Yevgeny Prigozhin was filmed telling prisoners who served six months on the front line ‘don’t rape women’ in Russia.
The first group of Russian prisoners offered amnesty in exchange for fighting in Ukraine has been released, the head of Wagner, the Russian mercenary group, said in a video.
In a video published by Russia’s Ria Novosti news agency, Yevgeny Prigozhin is seen telling a group of men: “You have fulfilled your contract. You have worked honourably, with dignity”.
Prigozhin said the men “must be treated [the] deepest respect by society” after completing their six-month contracts in Ukraine.
“Don’t drink a lot, don’t do drugs, don’t rape women, don’t stand up,” he added.
The Wagner group, originally staffed by hardened veterans of the Russian armed forces, has fought in Libya, Syria, the Central African Republic and Mali, as well as in the Ukraine.
The video emerged after Russia was criticized by Zambia after a Zambian student, serving a prison sentence in Russia, was killed on the front line in Ukraine after being granted amnesty for fighting in the conflict.
Prigozhin releases the first group of Wagner’s convicted recruits who managed to survive in Ukraine for 6 months, back to their hometowns, and instructs Russian police to treat these men with “the utmost respect”. Will they become the new oprichniks as Russia descends into darkness? pic.twitter.com/YYrtaKTF5A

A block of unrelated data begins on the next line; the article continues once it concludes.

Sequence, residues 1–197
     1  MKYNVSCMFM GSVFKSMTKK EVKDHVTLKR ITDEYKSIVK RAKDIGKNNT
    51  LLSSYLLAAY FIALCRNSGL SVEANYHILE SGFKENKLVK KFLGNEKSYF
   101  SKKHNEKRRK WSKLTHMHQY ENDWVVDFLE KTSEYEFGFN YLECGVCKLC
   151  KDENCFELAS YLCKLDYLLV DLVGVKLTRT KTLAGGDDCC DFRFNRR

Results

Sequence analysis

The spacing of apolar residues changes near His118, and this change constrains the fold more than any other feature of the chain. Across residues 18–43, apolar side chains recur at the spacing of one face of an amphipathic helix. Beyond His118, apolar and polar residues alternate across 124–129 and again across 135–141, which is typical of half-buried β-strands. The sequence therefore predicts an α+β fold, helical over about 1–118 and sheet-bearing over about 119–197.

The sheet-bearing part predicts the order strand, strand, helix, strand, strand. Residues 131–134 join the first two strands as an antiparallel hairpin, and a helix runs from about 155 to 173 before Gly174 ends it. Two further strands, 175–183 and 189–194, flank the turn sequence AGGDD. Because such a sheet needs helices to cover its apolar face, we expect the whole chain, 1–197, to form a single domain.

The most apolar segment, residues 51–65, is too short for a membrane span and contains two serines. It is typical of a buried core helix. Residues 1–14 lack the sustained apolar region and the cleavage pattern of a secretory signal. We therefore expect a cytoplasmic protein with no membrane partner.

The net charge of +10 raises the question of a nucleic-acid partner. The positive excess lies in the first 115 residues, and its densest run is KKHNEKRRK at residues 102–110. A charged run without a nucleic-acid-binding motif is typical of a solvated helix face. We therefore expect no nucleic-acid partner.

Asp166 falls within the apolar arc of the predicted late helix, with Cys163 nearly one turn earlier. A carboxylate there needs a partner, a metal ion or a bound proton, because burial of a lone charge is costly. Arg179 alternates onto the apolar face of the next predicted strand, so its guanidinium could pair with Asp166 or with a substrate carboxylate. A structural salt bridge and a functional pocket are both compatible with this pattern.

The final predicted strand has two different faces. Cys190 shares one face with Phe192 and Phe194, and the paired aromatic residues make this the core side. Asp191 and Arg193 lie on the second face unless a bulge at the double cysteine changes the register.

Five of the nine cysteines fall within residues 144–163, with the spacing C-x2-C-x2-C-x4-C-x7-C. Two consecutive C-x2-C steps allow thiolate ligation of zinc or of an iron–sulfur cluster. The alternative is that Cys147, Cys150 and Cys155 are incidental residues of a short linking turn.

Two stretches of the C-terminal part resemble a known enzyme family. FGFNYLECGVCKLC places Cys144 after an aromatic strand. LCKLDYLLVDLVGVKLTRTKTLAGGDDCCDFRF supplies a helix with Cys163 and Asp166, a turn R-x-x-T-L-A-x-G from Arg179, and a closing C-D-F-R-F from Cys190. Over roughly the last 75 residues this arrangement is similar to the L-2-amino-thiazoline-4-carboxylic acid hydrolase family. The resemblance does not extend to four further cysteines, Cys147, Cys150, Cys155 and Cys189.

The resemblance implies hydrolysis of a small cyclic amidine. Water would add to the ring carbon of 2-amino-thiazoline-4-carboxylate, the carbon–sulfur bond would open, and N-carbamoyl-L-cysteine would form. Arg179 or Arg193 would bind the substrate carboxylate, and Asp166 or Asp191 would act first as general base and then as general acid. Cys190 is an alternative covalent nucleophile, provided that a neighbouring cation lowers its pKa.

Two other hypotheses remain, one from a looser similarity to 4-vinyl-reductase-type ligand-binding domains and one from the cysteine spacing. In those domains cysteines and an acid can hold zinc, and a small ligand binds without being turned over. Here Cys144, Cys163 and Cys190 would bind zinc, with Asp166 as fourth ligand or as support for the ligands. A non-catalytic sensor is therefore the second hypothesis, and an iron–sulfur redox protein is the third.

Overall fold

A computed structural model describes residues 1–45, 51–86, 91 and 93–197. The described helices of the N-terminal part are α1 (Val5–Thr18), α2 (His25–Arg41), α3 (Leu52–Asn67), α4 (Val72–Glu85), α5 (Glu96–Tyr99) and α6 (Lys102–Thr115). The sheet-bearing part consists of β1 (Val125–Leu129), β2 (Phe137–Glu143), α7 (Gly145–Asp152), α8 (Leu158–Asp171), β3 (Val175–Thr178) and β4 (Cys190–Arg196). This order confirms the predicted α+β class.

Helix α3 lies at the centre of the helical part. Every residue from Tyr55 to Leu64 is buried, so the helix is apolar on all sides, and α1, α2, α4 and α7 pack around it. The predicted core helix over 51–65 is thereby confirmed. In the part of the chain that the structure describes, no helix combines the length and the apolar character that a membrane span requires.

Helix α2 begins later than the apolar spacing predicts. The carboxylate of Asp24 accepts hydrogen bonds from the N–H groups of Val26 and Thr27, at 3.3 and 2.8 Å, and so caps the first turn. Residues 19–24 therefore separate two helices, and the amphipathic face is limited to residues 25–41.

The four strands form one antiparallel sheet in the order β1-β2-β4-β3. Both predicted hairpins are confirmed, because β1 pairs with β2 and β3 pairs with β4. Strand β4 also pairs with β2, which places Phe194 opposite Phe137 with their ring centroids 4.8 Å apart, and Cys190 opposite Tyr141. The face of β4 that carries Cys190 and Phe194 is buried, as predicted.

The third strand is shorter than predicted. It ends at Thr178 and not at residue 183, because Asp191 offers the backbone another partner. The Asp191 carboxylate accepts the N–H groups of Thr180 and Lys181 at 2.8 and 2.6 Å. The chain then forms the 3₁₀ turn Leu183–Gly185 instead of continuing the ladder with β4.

— Yaroslav Trofimov (@yarotrof) January 5, 2023
Out of the shadows
Before the invasion of Ukraine, the Wagner group, which was financed by its founder Prigozhin, a Russian oligarch known as “Putin’s chef”, existed in the shadows.
Last year, in an interview with Al Jazeera, Marat Gabidullin, an exiled whistleblower who fought for the group, said Wagner exists to redistribute power away from the military and use those who could become a security risk.
But since Russia invaded Ukraine in February 2022, Wagner mercenaries have been on his front line with a new public persona.
Conditions of release
In September, a video circulated of a man who looked like Prigozhin in a prison courtyard offering contracts to prisoners to fight in the war in Ukraine.
But the contracts had a long list of conditions.
In the video, the unnamed man said: “If you arrive in Ukraine and decide it’s not for you, we will consider it desertion and shoot you. Any questions, guys?”
“No one surrenders themselves,” he said, adding that recruits must have grenades on them in case of capture.
“If you die, your body will be repatriated to the place you wrote down on the form.”
It was impossible to verify that the man in the video is Prigozhin, but his company, Concord, has not denied that it is him.
“Of course, if I were a prisoner, I would dream of joining this friendly team to be able not only to pay off my debt to the Motherland, but also to pay it back with interest,” Concord quoted him as saying .